What’s in a Name: Ub*nt*’s Trademark

Mark Shuttleworth of Canonical/Ubuntu has announced Ubuntu’s new trademark policy. Shuttleworth wrote on his blog:

Classically, “software freedom” was about the copyright license associated with the code. But patents and trademarks are now being brought into the mix. For example, the discussion around Mozilla’s trademark policy was directly linking the concept of “freedom” to trademark policy as much as code copyright license. And much of the very hard debate in the GPLv3 process is about linkages between copyright license and relevant patents. And like it or not, the GPL is widely considered the reference implementation of freedom so GPLv3’s approach will be, for many, definitive on the subject.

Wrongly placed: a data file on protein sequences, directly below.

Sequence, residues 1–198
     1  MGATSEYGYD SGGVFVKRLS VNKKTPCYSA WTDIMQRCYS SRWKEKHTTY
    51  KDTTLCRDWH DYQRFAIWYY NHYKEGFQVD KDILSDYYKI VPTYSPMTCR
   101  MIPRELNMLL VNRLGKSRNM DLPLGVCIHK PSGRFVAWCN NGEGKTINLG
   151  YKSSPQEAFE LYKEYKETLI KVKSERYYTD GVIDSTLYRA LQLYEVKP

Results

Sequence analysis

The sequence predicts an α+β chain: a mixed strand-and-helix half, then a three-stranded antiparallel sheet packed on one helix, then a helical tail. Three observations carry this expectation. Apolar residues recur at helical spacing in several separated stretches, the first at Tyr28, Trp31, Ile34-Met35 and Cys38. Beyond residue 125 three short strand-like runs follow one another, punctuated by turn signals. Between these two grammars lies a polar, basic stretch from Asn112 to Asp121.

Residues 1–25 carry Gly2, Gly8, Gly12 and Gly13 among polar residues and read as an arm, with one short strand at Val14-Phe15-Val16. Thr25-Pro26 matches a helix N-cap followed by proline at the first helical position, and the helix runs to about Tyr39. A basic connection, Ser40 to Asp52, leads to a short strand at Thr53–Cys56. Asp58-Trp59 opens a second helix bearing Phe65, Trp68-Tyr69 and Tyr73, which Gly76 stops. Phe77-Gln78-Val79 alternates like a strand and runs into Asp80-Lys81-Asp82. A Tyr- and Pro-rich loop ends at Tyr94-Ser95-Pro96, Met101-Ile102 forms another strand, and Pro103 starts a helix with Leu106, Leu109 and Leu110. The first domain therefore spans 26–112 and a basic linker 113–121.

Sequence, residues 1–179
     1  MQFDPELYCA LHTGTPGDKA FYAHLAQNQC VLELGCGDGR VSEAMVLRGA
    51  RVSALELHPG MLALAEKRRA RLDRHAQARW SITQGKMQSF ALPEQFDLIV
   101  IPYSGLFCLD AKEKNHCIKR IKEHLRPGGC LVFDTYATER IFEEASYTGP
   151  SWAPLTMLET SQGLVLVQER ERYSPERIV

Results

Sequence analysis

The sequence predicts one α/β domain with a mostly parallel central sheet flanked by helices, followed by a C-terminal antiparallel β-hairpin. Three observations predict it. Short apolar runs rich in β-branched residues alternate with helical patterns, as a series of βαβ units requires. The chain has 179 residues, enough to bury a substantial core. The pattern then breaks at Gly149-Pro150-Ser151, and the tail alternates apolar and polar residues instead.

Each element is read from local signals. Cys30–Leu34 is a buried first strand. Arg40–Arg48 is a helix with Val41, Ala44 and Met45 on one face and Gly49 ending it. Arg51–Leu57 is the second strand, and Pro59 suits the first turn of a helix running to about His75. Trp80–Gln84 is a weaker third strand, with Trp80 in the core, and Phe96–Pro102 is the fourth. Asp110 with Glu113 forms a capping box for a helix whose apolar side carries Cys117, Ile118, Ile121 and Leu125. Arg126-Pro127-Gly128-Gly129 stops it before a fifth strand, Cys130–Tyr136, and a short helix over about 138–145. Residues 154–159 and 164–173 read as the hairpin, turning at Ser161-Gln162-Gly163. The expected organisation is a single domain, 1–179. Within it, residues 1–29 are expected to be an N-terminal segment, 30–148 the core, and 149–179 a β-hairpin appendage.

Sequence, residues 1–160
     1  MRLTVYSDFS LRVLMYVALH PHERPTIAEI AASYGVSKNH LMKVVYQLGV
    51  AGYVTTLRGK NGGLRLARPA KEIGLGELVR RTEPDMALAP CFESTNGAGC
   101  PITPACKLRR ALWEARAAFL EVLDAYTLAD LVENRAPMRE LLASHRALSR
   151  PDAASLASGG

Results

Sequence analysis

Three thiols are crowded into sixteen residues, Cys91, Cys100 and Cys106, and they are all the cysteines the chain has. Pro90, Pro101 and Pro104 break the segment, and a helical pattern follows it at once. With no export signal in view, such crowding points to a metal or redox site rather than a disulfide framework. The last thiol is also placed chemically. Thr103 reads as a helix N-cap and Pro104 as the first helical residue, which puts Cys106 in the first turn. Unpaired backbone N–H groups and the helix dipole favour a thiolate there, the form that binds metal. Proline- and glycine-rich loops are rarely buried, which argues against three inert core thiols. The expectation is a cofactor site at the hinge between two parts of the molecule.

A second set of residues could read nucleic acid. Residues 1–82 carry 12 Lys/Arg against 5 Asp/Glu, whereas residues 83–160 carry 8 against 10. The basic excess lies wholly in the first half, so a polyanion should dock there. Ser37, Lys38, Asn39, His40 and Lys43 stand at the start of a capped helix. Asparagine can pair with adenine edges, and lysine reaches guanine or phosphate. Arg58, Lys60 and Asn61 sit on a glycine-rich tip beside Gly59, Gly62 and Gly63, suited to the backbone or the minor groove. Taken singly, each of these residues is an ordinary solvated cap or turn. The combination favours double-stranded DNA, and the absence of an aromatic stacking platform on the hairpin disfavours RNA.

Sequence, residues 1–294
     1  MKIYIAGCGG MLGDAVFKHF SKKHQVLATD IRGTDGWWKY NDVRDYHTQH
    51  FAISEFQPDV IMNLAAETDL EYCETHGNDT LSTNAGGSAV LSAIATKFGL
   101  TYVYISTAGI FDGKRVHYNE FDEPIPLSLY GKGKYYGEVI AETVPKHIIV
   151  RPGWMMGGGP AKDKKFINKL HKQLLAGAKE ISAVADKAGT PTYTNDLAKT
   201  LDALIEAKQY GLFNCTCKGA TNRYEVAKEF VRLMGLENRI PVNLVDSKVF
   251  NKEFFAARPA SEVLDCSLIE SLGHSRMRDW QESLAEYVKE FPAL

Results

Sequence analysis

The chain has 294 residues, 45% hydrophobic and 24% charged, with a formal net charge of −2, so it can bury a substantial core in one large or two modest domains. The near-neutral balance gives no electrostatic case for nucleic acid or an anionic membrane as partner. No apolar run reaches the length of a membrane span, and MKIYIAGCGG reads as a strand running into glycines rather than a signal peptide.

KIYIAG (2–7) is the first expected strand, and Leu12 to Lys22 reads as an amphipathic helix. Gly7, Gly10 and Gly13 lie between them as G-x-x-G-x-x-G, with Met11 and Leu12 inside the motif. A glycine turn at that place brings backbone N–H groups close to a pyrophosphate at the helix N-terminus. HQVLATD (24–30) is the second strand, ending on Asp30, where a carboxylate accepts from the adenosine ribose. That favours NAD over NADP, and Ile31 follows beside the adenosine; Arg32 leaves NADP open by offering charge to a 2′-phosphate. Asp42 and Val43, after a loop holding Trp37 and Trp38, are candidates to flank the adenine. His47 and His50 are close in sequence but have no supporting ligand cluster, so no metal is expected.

In a nutshell, anything with Ubuntu in its name or ending in -buntu will require Canonical’s approval. This presumably will include projects like Ubuntu Satanic Edition and Fluxbuntu, the latter which the new license calls a “remix.” The former (SE) had previously received Shuttleworth’s, umm, blessing.


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